A global scale treaty on the movement of fishing vessels through the high seas could have ramifications on such issues because individual countries won’t need to negotiate such things on a case-by-case basis.
The BBNJ treaty, however, is not a panacea for these issues. Although negotiations began in 2018 under the United Nations Convention on the Law of the Sea, with the aim of regulating fishing gear and reporting fish-catch data, the final agreed-upon version of the treaty looks quite different. Although the urgency of marine biodiversity loss and marine ecosystem destruction are evident, the negotiations were challenging – including disagreements over the scope of the treaty and the level of protection it should provide.
Some countries raised concerns about the potential impact of the treaty on their fishing industries, while others called for stronger measures to protect marine biodiversity. By the time it was accepted in principle, the key goals became: to establish a network of marine protected areas; to protect genetic resources; and to ensure equitable sharing of benefits gained from genetic resources.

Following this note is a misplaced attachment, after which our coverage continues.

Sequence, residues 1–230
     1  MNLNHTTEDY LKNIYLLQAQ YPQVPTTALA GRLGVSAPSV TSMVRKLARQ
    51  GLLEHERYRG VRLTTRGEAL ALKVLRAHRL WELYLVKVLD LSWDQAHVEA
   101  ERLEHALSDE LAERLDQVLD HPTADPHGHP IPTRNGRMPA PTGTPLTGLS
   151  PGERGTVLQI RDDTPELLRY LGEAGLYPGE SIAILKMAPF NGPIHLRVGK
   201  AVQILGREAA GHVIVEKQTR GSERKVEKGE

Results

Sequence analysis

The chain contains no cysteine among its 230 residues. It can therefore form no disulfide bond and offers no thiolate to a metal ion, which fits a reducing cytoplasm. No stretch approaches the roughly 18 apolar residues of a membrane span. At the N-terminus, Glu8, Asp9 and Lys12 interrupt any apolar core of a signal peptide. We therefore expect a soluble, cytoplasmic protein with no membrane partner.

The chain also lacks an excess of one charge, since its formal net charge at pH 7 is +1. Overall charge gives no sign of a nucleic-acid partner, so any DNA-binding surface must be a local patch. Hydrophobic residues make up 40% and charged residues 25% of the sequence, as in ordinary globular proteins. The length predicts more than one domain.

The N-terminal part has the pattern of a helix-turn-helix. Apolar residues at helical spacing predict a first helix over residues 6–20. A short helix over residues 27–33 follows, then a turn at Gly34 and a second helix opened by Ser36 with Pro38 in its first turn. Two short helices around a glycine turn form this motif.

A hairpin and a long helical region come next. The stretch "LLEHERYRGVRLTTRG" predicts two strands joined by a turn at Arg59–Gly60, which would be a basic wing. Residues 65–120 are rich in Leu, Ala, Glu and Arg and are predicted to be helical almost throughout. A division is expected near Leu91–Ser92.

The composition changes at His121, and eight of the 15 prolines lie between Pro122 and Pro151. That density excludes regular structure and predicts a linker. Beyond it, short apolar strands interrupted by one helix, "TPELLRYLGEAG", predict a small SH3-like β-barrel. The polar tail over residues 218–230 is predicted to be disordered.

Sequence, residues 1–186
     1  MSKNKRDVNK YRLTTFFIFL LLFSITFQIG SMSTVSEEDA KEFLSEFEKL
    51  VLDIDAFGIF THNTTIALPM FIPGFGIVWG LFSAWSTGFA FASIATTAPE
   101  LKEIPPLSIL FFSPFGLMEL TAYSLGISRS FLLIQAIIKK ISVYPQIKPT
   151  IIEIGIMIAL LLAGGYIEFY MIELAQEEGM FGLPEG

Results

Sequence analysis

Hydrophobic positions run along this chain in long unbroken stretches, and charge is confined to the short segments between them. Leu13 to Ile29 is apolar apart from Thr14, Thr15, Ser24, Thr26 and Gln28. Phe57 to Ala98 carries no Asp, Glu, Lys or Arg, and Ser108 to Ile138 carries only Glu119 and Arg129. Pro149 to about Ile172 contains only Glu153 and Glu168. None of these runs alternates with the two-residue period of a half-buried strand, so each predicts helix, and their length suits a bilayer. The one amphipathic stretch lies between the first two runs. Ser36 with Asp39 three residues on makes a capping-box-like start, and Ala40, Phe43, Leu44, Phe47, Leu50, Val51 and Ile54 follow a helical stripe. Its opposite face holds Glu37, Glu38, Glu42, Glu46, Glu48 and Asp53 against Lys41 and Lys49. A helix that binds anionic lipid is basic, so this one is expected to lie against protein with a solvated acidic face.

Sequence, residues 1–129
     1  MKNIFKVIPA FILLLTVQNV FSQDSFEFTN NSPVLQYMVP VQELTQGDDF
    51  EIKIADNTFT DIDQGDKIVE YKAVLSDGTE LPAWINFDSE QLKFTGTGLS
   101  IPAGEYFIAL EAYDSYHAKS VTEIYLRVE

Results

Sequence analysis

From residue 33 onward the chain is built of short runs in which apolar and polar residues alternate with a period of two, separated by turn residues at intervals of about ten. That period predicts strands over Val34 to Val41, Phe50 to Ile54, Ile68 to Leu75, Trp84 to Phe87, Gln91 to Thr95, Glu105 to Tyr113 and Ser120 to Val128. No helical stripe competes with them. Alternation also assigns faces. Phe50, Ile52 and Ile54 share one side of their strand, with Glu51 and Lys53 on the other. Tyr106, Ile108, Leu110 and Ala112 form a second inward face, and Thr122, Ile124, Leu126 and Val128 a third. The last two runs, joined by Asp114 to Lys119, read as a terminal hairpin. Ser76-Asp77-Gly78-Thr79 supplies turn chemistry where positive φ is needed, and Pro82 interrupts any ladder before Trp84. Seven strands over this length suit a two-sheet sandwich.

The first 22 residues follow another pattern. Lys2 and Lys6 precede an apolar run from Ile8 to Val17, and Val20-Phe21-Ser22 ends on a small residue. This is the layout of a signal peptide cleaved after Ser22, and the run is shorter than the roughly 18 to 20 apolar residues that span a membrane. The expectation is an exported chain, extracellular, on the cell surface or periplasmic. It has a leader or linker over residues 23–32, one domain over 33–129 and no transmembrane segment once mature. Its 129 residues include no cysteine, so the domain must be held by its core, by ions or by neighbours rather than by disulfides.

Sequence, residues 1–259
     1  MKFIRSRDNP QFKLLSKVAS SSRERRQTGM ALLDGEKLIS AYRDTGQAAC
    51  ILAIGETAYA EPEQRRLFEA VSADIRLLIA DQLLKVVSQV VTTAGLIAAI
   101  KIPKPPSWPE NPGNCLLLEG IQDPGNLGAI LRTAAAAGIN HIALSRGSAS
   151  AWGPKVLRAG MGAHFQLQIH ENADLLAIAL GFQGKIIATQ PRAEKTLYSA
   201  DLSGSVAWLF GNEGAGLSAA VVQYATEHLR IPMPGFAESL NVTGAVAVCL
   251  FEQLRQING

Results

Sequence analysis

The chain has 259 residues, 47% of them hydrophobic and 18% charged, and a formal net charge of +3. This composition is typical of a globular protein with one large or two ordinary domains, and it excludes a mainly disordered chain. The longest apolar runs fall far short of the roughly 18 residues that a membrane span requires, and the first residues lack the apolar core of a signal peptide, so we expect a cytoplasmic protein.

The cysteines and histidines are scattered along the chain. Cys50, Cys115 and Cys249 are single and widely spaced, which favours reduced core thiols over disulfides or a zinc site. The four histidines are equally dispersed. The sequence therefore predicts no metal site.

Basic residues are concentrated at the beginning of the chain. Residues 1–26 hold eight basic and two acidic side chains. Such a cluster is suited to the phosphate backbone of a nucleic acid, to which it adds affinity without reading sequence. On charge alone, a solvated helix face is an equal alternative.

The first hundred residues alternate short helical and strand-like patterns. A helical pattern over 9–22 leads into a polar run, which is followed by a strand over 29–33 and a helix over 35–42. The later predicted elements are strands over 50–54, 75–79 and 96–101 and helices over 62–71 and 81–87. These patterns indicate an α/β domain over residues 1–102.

These goals are important. Marine protected areas are crucial to protect deep sea corals, seamounts, pelagic, and highly migratory species. These ecosystems are particularly vulnerable to damage from bottom-trawling and other destructive fishing practices. The hope is that these areas would be designated as off-limits to fishing and other activities that could harm marine biodiversity.
Additionally, sustainable use has been a guiding principle of the treaty, with significant ramifications for the fishing industry and the promotion of biodiversity conservation. These features have made wildlife conservation organisations laud the treaty.
Drawbacks of the treaty